This is odd. Once CRA acknowledges that interest on the loan is deductible and that the only issue is whether the interest rate exceeds the arm’s length standard, the fact that Canco used commercially unusual arrangements to fund its interest payments becomes irrelevant. The question as to whether s. 247(2)(d) can or should be applied here to rejigger the loan terms so as to support CRA arguments for a lower arm’s length rate is no different here than where there is a plain vanilla inbound unsecured "covenant lite" loan. As to whether the interest rate should reflect implicit parent credit support, see General Electric, ENMAX and Chevron, see also McKesson.
Neal Armstrong. Summary of CRA Notice to Tax Professionals, 7 July 2019 under s. 247(2)(d).
At the Minister’s request, Folio S2-F3-C2 (on employee benefits) was removed in October 2017 from the CRA website, and CRA “drafted new wording” respecting employee discounts on merchandise.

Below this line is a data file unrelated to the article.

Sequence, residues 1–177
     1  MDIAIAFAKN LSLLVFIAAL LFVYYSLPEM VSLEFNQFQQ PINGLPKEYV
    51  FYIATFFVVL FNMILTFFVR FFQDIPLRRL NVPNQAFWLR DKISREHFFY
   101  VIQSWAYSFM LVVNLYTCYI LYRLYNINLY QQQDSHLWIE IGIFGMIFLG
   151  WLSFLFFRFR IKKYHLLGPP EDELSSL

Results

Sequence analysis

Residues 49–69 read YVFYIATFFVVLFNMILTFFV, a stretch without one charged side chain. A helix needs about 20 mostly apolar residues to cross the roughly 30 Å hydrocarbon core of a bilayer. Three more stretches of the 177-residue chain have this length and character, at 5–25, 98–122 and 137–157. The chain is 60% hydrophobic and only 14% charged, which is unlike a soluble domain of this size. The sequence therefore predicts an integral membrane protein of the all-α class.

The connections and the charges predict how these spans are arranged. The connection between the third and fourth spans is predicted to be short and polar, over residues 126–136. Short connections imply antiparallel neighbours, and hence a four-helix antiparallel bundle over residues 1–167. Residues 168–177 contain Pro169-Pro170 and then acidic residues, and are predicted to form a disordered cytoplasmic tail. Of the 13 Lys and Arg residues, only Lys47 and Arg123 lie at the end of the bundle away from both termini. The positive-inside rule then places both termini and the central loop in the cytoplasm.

The revised folio continues to undergo additional review as per our internal procedures. During the review period, the CRA continues to administer employee discounts on merchandise in accordance with the administrative policy outlined in Guide T4130, Employers Guide – Taxable Benefits and Allowances … .
Neal Armstrong. Summary of 4 December 2018 TEI Roundtable Q. E2, 2018-0782361C6 under s. 6(1)(a).
CRA confirms that a Reg. 1103(1) election (consolidating in Class 1) does not affect subsequent years’ acquisitions
CRA effectively confirmed that Folio S3-F4-C1, para. 1.132 should be interpreted as having the bolded sentence below added to it: